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Behavioral signs of feline pain

dvm360dvm360 August 2021
Volume 52

Understanding feline behavior is challenging, especially when it comes to identifying behaviors that indicate the presence of pain.

Cats are exceptionally adept at hiding signs of pain, but there are some behaviors pet owners and veterinarians should be aware of. Pet owners want many things for their pets, but a pain-free life is one of the key things they look for. Veterinarians are often asked if a cat is in pain, but it can be difficult to determine in the brief interaction in the exam room, especially for stoic or highly stressed cats. In many cases, veterinarians must rely on the owner’s observations of their pet’s behavior to detect those experiencing pain.

While pet owners may observe changes in their cat’s behavior that are indicative of pain, many believe these changes to be part of the aging process. This misconception may keep pet owners from mentioning their observations during routine preventative care visits. By educating owners on behavioral signs of pain and asking specific behavior-related questions during the examination, veterinarians can help to identify cats who may be subtly suffering from pain.

Degenerative joint disease: An underdiagnosed source of pain

A common under-recognized cause of pain in cats is degenerative joint disease (DJD). Radiographic studies of cats have found evidence of DJD in 61-92% of cats, with the incidence increasing with age.1,3 While not all cats experience pain on examination of affected joints, approximately 40% of cats with radiographic signs of DJD do exhibit clinical signs of pain.4 Thus, the contribution of this disease to chronic pain should not be overlooked.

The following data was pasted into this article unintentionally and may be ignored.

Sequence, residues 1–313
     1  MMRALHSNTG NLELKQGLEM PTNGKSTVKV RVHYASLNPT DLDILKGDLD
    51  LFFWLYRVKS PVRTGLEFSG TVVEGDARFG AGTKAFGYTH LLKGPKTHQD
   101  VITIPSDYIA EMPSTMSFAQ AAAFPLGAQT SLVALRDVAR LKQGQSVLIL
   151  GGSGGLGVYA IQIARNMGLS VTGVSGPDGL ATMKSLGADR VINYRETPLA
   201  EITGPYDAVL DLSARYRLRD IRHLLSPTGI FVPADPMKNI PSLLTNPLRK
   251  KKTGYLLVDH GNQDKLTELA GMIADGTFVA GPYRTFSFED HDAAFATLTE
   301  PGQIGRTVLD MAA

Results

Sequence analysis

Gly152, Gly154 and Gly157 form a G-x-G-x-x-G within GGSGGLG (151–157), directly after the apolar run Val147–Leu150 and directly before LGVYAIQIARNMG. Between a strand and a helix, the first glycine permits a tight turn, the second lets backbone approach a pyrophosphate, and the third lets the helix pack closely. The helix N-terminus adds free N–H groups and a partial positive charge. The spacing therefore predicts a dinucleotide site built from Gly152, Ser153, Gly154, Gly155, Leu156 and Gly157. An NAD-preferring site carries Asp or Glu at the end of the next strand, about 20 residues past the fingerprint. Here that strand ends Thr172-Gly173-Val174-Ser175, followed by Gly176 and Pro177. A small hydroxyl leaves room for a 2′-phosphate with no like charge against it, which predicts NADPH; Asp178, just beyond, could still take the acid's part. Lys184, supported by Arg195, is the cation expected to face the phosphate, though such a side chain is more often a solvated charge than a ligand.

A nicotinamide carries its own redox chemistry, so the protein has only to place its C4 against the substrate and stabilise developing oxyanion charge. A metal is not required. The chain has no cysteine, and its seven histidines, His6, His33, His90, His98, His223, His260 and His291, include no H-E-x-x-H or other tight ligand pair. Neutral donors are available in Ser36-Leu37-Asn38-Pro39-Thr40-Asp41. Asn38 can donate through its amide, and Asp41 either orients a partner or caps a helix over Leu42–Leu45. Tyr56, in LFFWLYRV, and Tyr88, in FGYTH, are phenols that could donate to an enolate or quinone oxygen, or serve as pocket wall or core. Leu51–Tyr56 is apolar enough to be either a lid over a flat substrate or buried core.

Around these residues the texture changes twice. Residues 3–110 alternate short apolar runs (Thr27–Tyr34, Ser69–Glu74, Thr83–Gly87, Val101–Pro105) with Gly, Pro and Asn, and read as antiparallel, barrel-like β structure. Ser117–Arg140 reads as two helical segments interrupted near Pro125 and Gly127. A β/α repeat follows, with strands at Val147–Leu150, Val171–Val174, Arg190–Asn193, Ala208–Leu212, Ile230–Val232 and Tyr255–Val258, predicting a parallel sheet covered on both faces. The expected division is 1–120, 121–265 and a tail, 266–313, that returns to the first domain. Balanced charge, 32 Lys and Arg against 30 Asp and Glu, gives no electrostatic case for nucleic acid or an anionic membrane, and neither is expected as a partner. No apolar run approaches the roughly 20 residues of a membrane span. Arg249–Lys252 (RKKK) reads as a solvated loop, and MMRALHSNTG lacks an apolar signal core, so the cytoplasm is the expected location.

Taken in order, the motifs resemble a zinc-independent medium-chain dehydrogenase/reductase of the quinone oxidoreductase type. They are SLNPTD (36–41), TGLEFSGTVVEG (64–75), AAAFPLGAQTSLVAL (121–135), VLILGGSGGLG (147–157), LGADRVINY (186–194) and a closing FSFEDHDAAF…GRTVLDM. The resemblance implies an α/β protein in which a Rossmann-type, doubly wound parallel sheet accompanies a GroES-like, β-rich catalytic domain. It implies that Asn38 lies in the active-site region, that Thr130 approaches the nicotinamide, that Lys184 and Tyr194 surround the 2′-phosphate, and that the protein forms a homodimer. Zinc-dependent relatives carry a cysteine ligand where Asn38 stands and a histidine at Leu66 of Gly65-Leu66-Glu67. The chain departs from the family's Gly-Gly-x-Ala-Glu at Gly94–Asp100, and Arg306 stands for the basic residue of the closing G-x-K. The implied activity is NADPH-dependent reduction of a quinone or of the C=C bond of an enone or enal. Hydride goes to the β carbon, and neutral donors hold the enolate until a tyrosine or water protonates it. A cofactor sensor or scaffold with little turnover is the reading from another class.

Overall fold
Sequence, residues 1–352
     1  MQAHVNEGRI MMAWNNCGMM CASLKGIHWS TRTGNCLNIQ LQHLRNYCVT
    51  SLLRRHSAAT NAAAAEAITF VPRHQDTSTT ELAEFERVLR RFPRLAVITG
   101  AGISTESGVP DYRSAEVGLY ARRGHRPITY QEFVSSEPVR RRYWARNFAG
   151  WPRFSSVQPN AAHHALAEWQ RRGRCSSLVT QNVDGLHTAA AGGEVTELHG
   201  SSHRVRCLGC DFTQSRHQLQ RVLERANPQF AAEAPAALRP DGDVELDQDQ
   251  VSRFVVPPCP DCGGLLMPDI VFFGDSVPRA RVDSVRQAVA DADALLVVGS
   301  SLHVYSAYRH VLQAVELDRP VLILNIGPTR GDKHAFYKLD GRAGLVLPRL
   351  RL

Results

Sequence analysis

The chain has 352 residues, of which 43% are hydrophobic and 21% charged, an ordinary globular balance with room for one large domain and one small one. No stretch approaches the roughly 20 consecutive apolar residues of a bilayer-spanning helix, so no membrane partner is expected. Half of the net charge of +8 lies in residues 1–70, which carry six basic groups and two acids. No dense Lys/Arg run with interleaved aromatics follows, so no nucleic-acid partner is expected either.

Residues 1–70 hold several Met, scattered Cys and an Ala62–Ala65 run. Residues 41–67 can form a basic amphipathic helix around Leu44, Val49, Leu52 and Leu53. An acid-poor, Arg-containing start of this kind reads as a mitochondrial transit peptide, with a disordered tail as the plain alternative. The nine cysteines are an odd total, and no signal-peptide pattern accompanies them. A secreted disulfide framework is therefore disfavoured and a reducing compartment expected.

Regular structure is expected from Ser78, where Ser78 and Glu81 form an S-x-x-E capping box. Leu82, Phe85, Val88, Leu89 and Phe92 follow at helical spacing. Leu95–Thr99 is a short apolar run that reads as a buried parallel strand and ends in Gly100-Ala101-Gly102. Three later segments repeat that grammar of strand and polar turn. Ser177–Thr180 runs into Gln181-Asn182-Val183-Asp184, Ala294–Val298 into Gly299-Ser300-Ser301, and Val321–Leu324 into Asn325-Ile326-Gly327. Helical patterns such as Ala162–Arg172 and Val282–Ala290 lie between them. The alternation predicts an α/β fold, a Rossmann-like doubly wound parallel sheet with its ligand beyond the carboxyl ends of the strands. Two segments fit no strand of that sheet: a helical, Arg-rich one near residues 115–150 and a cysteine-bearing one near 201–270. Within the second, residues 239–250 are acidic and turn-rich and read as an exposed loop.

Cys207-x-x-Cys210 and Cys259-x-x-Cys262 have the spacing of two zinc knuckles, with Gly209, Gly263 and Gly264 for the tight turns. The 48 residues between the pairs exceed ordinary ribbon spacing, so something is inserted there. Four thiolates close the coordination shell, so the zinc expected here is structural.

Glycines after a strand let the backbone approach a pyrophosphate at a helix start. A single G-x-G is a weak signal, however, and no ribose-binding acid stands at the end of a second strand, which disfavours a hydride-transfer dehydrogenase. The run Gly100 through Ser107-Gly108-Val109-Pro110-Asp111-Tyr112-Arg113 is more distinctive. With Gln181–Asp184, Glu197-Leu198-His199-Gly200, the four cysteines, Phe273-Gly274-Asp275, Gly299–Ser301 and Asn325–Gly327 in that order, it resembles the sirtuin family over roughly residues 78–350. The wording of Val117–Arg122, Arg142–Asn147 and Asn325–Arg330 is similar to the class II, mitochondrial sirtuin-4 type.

Pet owner observations are a crucial part of the work-up and can prompt veterinarians to assess patients more thoroughly for sources of pain. Numerous studies have investigated behavioral signs of pain in cats in an effort to develop clinical instruments and questionnaires that can be given to cat owners as screening tools, especially in cases of suspected DJD.4-8


Mobility changes are a reliable sign of pain in cats, but the observed changes are often more subtle than those that owners associate with pain in dogs. Since feline osteoarthritis is often a bilateral disease, lameness is less commonly noted.4,9 General mobility changes that can be indicative of pain, include a stiff gait, changes in jumping distance or height, reluctance to go up or downstairs, limited stretching, and changes to scratching.

Asking specific questions about changes in a cat’s behavior and mobility at home can raise the index of suspicion for pain. Cats often like to sleep or spend time in elevated locations, such as cat trees, windowsills, and furniture. If jumping vertically becomes painful, they may elect to spend more time in locations that are easier to access. Asking clients where their cat likes to spend time and if they have noticed a change in preferred location can be a helpful way to assess this behavior.

In some cases, cats may not stop jumping altogether, but they may change the way they jump or access vertical surfaces. Cats who previously jumped several feet in the air or between objects may now make several smaller jumps to cover the same distance or less reliably hit their target. Consider asking owners how many jumps it takes for their cat to reach their favorite perch or how often their cat hits their intended target on the first try to assess these changes.

Changes in litterbox usage

One behavior change that is easily noticed by cat owners is inappropriate elimination. There are many medical and behavioral causes for this, including pain and bladder inflammation. Orthopedic pain should also be a consideration, especially in older cats. Often, the changes in elimination behavior that are indicative of orthopedic pain are because of difficulty accessing the litterbox or due to the location or size and shape of the box. Cats may also change their posture during urination and defecation from joint pain, but pet owners who do not see the act of elimination may not observe this.